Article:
Besides taxes, IRS charge various penalties and interest.
First, IRS requires that the tax due on every quarter to be paid on time, if not, there will be estimated tax penalty which is calculated on Form
- It is possible that at the end of year, you will get a refund but still owe estimated tax penalty because the obligation of a particular quarter was not met. Although it is called penalty, it is calculated based on interest. The penalty is reported on line 79 of Form 1040.
The estimated tax penalty (P) is calculated based on:
The shortage to meet the required payment, T for the year, and T/4 each quarter.
interest rate on each quarter (I1, I2, I3, I4) which is the federal short-term rate in the first month of the previous quarter, rounded to the nearest integer, plus 3%. This rate is also directly documented in the lastest file in this IRS drop.
The length of the time owed. Since the quarterly estimated tax due dates for each quarter are: 4/15, 6/15, 9/15, and 1/15, you are late each quarter for 12, 10, 7, and 3 months respectively assuming you pay tax on 4/15 next year.
Therefore we have:
For the year 2016, we have I1 = I2 = I3 = I4= 4%, so
The percentage is on line 15 of form 2210 is 2.656%, the error due to the use of months instead of days is less than 0.4%.
Please note that the percentage is based on the shortage to the required payment for the lesser of 90% of this year’s tax or 100% (when AGI is less $150,000) or 110% (when AGI is more than $150,000) of prior year’s tax, so the percentage based on the actual tax owed is less than the of the actual tax.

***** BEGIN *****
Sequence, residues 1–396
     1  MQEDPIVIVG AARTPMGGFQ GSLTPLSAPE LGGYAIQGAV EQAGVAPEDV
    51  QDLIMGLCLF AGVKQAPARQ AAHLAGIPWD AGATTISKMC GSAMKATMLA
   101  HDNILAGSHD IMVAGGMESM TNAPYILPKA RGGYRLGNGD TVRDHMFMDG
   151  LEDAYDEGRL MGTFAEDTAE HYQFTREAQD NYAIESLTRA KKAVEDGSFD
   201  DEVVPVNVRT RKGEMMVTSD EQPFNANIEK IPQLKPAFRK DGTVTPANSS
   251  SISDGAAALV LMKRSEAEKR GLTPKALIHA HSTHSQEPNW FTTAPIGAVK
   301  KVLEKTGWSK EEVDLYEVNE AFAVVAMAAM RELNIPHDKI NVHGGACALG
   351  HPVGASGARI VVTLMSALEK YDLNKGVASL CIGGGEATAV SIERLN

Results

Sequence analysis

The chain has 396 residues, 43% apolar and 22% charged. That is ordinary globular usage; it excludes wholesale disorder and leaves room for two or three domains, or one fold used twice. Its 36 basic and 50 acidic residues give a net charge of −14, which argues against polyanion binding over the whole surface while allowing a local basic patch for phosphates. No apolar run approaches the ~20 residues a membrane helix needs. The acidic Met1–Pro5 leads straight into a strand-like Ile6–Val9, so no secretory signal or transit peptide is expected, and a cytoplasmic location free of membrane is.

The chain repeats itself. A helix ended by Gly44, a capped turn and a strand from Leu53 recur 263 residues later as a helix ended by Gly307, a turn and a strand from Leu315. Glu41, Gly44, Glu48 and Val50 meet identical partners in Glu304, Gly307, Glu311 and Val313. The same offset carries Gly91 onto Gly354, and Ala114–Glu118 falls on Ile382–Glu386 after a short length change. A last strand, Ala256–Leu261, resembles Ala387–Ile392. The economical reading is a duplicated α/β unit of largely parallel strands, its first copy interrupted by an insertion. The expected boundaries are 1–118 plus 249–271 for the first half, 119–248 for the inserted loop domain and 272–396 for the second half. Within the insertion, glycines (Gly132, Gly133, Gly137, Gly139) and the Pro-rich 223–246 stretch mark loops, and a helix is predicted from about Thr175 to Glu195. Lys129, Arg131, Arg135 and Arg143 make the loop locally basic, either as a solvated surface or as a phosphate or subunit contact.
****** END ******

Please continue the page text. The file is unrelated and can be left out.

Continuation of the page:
If you do not file and pay tax on time, there will be additional fail to file penalty, fail to pay penalty, and additional interest until it is paid.
The fail to file penalty is 5% per month or partial month up to 25% of the tax owed IRC Section 6651(a)(1).
The fail to pay penalty is 0.5% per month or partial month up to 25% of the tax owed IRC Section 6651(a)(2).
If you owe both fail to file penalty and fail to pay penalty, the fail to file penalty is reduced by the amount of fail to pay penalty IRC Section 6651(c)(1).
The interest used in calculation is the same as in estimated tax penalty determined quarterly, but compounded daily. As the calculation involves the “advanced” math, Rev. Proc. 95-17 provided the Factor Tables to calculated the interest of a quarter for different interest rate, number of days of the quarter the tax was due, and whether the year is leap year or not.
Let me use an example to demonstrate how these amounts are calculated. Suppose you did not file nor pay 2014 tax due on 2015-04-15, until 2017-10-26, and you owe $10,000 in tax.
The fail to file penalty is 5% per month or per partial month up to the maximum of 5 months, reduced by fail to pay penalty of 0.5% per month or per partial month for the period. Therefore we have:
The fail to pay penalty is 0.5% per month or per partial month for 31 full or partial months (From 2015-04-15 to 2017-10-26):
The interest was 3% for first 351 days (from 2015-04-15 to 2016-03-31), and 4% for the rest of 574 days (from 2016-04-01 to 2017-10-26), accumulated daily, so the total interest is:
Please note the base amount is the tax owed plus the fail to file penaty IRM 126.96.36.199(2), and 2016 is a leap year (366 days).
If we use the IRS table method to calculate interest quarter by quarter, the result is $1,175.72. The difference due to rounding is less than a dollar.